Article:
Sunday, November 13, 2022
A Biophysical Perspective on the Origin of Life
(Conferences / Seminars / Lectures)
Talk details more information...
• Date: 13 November 2022
• Time: 1 p.m. (ET)
• Location: Zoom - register for the event on the website
Abstract: It is widely accepted that biological change occurs through natural processes by Darwinian evolution. What's missing is an origins story, of how Darwinian evolution might have first arisen from physics and chemistry at the origins of life 3.5 billion years ago. Such a story is now emerging, based on the synthesis and folding of short protein molecules that catalyze the elongation of others. I will describe these ideas, and how they address some of the controversies in the field, including what drives it, how it is an anti-thermodynamic tendency away from-not towards-equilibrium, and how it is self-serving and able to increase complexity.
Ken Dill is the director of the Laufer Center for Physical and Quantitative Biology at Stony Brook University and the Louis and Beatrice Laufer Professor of Physics and Chemistry. He received bachelor's and master of science degrees from the Massachusetts Institute of Technology in mechanical engineering in 1971, a PhD in biology with Bruno H. Zimm at the University of California, San Diego, did postdoctoral research with Paul J. Flory at Stanford University, and was on the faculty of the University of California San Francisco for 25 years.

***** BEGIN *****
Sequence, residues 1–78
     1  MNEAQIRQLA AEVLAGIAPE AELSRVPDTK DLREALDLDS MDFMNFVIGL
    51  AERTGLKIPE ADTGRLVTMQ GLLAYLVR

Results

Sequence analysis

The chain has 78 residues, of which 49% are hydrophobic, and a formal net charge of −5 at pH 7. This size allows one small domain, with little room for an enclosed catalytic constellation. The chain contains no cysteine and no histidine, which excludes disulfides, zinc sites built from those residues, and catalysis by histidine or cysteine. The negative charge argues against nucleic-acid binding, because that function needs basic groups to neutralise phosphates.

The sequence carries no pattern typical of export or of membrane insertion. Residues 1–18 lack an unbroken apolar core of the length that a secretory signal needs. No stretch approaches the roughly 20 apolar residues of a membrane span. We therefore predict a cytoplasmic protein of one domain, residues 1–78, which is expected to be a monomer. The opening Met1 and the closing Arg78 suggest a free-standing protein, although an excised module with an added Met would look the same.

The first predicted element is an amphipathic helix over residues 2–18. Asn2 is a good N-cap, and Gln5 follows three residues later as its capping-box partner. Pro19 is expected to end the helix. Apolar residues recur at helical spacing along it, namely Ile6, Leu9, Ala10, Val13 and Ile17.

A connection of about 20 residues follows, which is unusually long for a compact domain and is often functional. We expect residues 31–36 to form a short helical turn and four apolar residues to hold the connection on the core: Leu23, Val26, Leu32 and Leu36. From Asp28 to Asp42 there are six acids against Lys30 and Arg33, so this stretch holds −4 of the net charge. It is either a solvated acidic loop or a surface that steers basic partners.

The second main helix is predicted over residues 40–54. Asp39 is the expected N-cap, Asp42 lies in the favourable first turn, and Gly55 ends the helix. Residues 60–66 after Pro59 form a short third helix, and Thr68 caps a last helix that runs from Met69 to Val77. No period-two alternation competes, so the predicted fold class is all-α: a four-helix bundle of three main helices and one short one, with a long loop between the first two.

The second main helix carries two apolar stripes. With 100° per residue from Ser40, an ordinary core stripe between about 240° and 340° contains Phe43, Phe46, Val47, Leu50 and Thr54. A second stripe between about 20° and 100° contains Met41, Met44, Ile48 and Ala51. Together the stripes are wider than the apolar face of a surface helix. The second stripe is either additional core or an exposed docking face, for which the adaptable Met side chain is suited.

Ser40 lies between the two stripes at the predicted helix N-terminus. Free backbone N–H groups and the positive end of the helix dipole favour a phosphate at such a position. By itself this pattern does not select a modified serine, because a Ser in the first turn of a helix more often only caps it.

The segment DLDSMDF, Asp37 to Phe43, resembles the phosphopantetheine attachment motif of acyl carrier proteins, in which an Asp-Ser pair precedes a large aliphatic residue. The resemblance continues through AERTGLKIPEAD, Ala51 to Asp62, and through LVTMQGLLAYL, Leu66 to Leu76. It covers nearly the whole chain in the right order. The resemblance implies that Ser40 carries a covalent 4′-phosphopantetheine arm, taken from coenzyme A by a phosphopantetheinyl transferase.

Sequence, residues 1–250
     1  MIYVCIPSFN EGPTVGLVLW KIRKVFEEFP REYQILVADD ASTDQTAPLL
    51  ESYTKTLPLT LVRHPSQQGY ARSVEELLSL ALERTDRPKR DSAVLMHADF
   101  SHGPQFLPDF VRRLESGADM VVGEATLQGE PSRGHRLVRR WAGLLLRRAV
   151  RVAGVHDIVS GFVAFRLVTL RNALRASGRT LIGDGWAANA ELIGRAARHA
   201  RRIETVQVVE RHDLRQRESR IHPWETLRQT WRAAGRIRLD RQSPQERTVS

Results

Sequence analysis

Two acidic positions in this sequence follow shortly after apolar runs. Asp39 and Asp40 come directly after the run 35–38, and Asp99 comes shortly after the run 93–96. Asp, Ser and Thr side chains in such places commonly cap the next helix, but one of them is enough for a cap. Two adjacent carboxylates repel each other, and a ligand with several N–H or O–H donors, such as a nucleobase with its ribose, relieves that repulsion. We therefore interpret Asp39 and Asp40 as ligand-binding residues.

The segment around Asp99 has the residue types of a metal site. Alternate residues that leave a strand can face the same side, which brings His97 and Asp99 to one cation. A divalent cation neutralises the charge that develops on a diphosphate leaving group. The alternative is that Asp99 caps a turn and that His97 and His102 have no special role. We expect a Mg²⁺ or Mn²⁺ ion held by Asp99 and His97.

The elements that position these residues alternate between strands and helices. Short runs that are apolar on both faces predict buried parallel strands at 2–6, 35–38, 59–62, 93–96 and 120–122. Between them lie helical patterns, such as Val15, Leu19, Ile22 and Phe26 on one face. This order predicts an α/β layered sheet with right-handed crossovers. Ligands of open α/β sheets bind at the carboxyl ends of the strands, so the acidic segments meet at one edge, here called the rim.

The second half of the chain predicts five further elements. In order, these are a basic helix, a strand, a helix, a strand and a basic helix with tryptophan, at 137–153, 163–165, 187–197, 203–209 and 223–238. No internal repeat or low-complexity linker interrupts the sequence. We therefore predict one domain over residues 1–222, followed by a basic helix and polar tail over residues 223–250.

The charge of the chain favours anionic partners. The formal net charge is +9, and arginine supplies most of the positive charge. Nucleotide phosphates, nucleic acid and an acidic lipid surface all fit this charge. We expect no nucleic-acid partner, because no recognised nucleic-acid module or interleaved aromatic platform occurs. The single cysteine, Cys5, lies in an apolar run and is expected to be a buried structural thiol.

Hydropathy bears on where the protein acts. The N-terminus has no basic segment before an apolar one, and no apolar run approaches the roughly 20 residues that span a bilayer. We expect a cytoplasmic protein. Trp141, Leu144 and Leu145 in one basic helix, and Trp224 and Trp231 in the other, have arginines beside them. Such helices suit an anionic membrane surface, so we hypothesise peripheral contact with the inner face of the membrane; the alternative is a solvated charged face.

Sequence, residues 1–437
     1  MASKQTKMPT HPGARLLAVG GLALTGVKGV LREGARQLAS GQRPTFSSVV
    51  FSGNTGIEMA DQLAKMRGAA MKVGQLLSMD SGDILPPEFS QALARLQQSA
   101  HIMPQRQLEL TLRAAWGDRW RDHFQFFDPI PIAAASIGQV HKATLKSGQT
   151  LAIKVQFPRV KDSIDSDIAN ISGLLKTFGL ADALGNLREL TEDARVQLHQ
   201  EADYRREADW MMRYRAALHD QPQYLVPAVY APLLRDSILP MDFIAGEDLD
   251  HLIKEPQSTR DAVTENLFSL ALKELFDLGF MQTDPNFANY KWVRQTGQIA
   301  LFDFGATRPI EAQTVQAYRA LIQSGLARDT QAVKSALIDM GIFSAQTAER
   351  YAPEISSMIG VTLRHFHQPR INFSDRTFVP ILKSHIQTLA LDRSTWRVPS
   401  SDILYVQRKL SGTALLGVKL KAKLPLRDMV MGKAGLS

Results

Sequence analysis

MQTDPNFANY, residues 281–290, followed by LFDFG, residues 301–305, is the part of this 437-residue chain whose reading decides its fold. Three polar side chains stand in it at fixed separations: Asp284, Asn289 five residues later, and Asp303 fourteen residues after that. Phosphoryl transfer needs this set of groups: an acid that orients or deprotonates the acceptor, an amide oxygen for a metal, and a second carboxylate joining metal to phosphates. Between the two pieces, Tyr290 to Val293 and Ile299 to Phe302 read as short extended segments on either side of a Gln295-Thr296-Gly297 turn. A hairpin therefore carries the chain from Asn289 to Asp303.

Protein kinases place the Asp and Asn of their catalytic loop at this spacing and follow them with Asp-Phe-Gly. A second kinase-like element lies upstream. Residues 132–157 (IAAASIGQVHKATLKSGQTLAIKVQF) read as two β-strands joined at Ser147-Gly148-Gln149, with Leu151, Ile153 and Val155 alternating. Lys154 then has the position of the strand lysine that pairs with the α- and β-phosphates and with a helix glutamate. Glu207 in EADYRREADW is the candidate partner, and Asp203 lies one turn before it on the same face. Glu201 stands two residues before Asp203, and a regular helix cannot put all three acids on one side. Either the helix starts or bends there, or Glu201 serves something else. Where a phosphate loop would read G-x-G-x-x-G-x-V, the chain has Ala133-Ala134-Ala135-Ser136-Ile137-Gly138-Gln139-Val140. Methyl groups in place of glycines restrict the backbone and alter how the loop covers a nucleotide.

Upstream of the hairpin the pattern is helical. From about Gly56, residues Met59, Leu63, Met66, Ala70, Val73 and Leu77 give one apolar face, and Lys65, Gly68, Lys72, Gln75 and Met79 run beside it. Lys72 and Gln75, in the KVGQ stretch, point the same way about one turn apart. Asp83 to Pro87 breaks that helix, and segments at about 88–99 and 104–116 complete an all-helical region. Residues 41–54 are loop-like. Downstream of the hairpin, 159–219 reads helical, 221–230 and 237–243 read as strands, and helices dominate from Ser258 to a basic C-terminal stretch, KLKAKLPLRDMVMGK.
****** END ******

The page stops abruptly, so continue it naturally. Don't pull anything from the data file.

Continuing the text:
His research is at the intersection of statistical physics with the biophysics of proteins and cells. He has worked on the physics of protein folding, computational structural biology, proteostasis in the cell, and on foundational problems in nonequilibrium statistical physics.
Dill is a past president of the Biophysical Society and a co-author of two textbooks. He received the Hans Neurath Award from the Protein Society, the Max Delbruck Award from the American Physical Society, and the Sackler Prize in Biophysics. Dill is a member of the U.S. National Academy of Sciences and the American Academy of Arts and Sciences.